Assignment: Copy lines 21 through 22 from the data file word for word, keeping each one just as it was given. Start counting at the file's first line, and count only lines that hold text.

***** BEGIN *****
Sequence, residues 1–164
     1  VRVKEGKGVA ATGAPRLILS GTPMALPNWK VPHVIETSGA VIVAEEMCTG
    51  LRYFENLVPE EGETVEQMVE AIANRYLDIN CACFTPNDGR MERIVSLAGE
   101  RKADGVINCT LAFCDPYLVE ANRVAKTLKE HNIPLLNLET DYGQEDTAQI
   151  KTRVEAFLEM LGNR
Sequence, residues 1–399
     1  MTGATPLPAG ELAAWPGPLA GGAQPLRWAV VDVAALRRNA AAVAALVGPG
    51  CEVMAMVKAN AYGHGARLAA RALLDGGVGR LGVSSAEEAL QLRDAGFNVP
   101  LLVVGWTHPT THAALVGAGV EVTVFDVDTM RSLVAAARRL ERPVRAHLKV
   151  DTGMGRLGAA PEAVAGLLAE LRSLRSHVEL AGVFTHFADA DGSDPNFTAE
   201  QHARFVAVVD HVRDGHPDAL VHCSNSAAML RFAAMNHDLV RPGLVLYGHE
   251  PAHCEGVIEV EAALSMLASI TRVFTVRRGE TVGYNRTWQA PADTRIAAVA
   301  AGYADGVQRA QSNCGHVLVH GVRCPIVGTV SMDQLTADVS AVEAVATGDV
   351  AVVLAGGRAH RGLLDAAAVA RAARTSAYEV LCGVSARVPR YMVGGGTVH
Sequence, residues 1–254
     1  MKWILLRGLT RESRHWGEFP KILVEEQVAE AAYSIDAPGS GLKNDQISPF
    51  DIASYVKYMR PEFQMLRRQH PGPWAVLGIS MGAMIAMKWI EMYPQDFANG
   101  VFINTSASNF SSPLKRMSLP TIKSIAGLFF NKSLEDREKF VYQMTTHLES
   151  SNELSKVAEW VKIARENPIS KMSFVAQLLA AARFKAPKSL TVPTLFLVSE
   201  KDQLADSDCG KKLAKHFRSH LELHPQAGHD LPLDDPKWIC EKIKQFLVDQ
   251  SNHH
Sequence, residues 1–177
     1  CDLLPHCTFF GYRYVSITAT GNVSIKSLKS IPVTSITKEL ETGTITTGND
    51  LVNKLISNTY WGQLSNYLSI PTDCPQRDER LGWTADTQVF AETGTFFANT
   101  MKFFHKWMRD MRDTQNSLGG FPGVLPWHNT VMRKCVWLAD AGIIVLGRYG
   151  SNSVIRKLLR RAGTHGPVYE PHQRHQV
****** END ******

   251  SNHH
Sequence, residues 1–177